McMurray later cited protesters bringing protective equipment as evidence that they wanted a fight with police, but Chavez said he had no such desire. He was worried about losing an eye. At past demonstrations, he was used to seeing police chumming it up with marchers. This time was different. He saw officers “staring down” people who chanted or called for police to kneel. He told his goggleless fiance to get behind him if police started shooting at them. 

“I think that’s a pretty good example of what the chief has done to make free-speech events pretty scary,” he said.

Chavez sent an email to the City Council on July 9 saying that he was concerned about how HPCAC seats are filled, with half appointed by a mayor and police chief who have both been dismissive of public outrage over protesters’ injuries and right to assemble. He also alleged a lack of transparency in the HPCAC’s review process.

“They seem to exist solely to reshare HPD’s social media posts,” he wrote. “Even a direct email generates a generic response of ‘your message has been received’ with no additional follow-up.”

He received an email the next day from HPCAC member John Reitzell, who thanked him for submitting a community input form and suggested that he may be given additional time at a future public meeting to present video footage. Reitzell then urged him to learn more about the HPCAC.

“Also you need to do some real research on us and what we have ACTUALLY done, and accomplished,” Reitzell wrote. “We are certainly not do nothings, we hold some non public meetings but most of our Executive sessions are not chronicled for obvious reasons. We have had multiple public meetings per year in each city council district for the 10 in which we have existed.”

Reitzell continued that the HPCAC has made a significant impact on the racial diversification of the department, on reforming “policies that made no sense to us” and advocating for procedures it deemed necessary to hammer into recruits at the academy. 

The group has been consulted on issues large and small that the public wasn’t privy to, according to Little. Those include the implementation of body cameras and Tasers down to determining a fairer system for choosing what towing companies to call.

Chavez noted that when Little responds to comments on the HPCAC Facebook page, his profile picture is a blue line running horizontally across a black background, a common sign of support for police.

“In my mind the Blue Lives Matter thing has really come up in opposition to the Black Lives Matter thing, enough that someone who is claiming to be a representative of the entire citizenry is really sending a hostile message by making that their outward facing profile,” Chavez said.

Little maintains that a good relationship with the department is central to the HPCAC’s mission.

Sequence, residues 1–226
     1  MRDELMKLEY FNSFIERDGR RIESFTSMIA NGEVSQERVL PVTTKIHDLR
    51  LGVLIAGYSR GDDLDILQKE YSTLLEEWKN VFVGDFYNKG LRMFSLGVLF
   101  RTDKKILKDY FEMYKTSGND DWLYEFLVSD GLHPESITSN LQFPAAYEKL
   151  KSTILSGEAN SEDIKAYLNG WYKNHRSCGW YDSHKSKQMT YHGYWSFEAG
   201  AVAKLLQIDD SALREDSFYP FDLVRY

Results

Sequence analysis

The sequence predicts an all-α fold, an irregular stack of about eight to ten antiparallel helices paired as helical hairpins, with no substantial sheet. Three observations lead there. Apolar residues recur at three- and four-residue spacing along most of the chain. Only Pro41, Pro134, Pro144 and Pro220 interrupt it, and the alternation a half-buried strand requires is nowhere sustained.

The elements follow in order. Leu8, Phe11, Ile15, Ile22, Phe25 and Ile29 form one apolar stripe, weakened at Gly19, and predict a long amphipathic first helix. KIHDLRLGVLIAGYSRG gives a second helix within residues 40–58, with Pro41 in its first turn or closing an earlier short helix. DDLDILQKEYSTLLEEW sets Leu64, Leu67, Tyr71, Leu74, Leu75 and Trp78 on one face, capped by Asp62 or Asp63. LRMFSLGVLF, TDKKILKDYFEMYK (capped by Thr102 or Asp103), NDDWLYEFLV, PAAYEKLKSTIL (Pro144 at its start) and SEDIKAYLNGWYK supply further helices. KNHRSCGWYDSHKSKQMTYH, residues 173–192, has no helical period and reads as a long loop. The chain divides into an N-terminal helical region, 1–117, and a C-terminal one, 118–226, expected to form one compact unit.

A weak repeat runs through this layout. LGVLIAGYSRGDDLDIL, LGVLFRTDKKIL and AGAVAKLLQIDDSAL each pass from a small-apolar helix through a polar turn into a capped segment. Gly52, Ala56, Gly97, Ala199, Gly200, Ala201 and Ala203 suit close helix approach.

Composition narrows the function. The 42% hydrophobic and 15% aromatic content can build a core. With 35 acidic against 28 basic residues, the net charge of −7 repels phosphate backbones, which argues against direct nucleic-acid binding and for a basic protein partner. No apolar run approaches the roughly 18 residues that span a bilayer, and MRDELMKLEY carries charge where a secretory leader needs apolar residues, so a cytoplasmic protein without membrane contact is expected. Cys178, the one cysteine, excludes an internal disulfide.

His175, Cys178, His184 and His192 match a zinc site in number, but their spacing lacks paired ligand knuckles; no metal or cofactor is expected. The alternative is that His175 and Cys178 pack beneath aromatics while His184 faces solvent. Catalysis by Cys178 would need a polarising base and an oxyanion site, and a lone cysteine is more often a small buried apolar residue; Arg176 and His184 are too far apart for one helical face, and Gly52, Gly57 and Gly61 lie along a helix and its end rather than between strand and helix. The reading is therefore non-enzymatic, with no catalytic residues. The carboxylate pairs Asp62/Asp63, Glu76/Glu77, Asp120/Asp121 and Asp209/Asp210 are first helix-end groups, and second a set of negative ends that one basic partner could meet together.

“A few people have said, ‘Oh, y’all are just a bunch of good ol’ boys, y’all are friends with the police.’ Well, you know, we wouldn’t be able to probably get a lot of stuff done and work with the department if we didn’t have a good relationship with them,” he said.

Expectations versus reality

Jonathan Rossow, one of the group’s newest members, said he understands residents’ fears about a too-cozy relationship.

“It’s a valid concern because by nature, the CAC has to have a working relationship with police if they’re going to be making recommendations,” he said.

Councilwoman Frances Akridge offered Rossow a vacant seat after he came to her with concerns about the police actions, including the posture they took toward protesters, he said. 

Like Reitzell, a retired Army colonel, Rossow settled in Huntsville after a military career. He moved to the city about two years ago from Virginia after retiring as a colonel in the Air Force after 25 years and four combat tours. 

Rossow said he retired from the Air Force but not from service to the country. He took an oath to defend the Constitution, a document he still reads, he said. He was dismayed by the destruction and looting that took place during many protests nationwide after George Floyd was killed, but said he is “very supportive” of the Black Lives Matter movement and thinks it necessary to move American society forward.

“I still believe that there are things and freedoms that are in the Constitution that members of our society, communities of our society — the African-American community — have yet to fully realize,” he said.

His role on the HPCAC, however, requires the impartiality and objectivity he exercised throughout his career, he said. That often required him to present uncomfortable things to people he had relationships with. If the relationship is good enough, it should weather those things, he said. 

He’ll put his career experience to use throughout the review process, he said.

“I come at it from a military perspective, but more so as a military leader that’s been in combat and has been in the position of taking in information and making decisions,” Rossow said.

Little and Rossow both said they expect the review to result in recommendations for changes. Before the city council passed the resolution “to kind of give us teeth, so to speak,” HPCAC members met with the chief and asked pointed questions which McMurray answered, Little said.